K. Caffee – Queen of Dark Fantasy

A while ago I had the pleasure of reviewing a book by K. Caffee from her ‘Followers of Torments’ series. Since reading that book, her work has come to define for me the epitome of ‘dark fantasy’. So it was a real pleasure to have the chance to hear from K.Caffee herself how she sees that sub-genre:

How do you define ‘dark fantasy’ as opposed to other kinds?

For me, dark fantasy examines the underbelly of society – crime, vice, abuse, and the other “hidden” horrors no one wants to talk about. Not only do these create the central themes for the work, they are also thoroughly examined. (I’ve had a few say that my own work should be shelved in paranormal horror, rather than dark fantasy – at least until the truth of the story sinks in. Then I’m told I don’t have enough gore for a good thriller or horror. ::Grins:: Makes ’em thinks I does!)

Do you think dark fantasy is a separate genre or can any fantasy have ‘dark aspects’?

My answer would be both. Just because there are elements of dark fantasy woven into a tale does not mean the tale itself is dark fantasy. Same as having elements of erotica woven into a fantasy does not mean THAT story is erotica. It is the central theme of the story that initially defines if the story is dark, urban, high, or any other sub-genre of fantasy.

Which authors would you say exemplify dark fantasy, both mainstream and indie?

(Shameless self plug) My main books tend to wander around on the dark side of fantasy. I wind up exploring the plight of feral children, slavery, mental illness, and personality/spiritual crisis, all of which are often swept under the rug and never exposed to sunlight.

Another indie that I feel hits the genre’s description squarely is Tanya Simmons. Her debut fiction book “Mystery’s Choice” has a way of really making you think about the dark side of Christianity and what that all entails.

Traditional… I’m not sure if it’s really dark fantasy, but it definitely covers the right themes: Gail Baudino’s “Strands of Starlight”. This one makes you really think about just what happened during the Crusades, and how a personality crisis can really mess with someone’s future.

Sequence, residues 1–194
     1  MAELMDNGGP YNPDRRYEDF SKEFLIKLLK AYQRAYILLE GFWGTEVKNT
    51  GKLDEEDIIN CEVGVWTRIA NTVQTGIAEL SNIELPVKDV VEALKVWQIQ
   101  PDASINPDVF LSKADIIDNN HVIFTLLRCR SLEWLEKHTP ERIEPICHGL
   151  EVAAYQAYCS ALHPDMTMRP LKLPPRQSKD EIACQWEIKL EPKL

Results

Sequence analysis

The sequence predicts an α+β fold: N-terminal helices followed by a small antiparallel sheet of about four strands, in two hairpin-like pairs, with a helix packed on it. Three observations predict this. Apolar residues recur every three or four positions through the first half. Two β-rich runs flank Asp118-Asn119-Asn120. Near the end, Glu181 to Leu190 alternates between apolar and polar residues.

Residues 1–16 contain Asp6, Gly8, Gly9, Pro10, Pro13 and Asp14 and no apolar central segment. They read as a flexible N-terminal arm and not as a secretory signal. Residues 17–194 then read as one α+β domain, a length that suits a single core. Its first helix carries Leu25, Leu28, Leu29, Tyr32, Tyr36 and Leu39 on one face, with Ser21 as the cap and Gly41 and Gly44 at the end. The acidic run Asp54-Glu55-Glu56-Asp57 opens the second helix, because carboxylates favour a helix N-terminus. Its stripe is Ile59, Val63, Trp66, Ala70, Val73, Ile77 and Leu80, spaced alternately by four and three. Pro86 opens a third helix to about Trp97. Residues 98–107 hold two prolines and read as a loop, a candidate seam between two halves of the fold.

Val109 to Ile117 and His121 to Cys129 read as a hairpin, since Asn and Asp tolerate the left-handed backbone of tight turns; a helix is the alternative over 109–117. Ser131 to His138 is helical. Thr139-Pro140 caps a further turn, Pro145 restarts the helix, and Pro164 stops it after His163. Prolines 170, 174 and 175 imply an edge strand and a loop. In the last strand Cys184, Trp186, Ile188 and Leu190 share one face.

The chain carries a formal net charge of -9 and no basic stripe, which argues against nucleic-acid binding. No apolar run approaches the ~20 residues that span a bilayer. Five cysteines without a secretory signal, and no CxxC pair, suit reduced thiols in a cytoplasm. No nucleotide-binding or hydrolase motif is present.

You write dark fantasy, what draws you to that particular expression of the fantasy genre?

Self-therapy, pure and simple. I can’t do to people what I do to my characters. When I have a bad day, or have a particular person whose managed to REALLY get under my skin and tick me off, dark fantasy is a safety valve. I get to write in the bits and pieces of the events, or the perception concept of the person, and gruesomely, painfully, lovingly demolish it/them. Very, VERY cathartic experience! (Not sure the people would appreciate what I do to them, however. Something about being turned into spider soup and slurped up seems to make folks distraught when they are the victim.)

 

If you would like to check out the Followers of Torments series, you can find the first book ‘Out of the Darkness’ HERE .

My review of ‘Into The Sunlits’, the third book in the series, is HERE.

And you can connect with K. Caffee herself HERE

Published by

E.M. Swift-Hook

In the words that Robert Heinlein put into the mouth of Lazarus Long: 'Writing is not necessarily something to be ashamed of, but do it in private and wash your hands afterwards.' Having tried a number of different careers, before settling in the North-East of England with family, three dogs, cats and a small flock of rescued chickens, I now spend a lot of time in private and have very clean hands.

2 thoughts on “K. Caffee – Queen of Dark Fantasy”

  1. Well done interview, EM, and I appreciate Ms. Caffee’s honesty. Would have liked a bit more insight into how her answers manifested in her books. Good stuff, EM.

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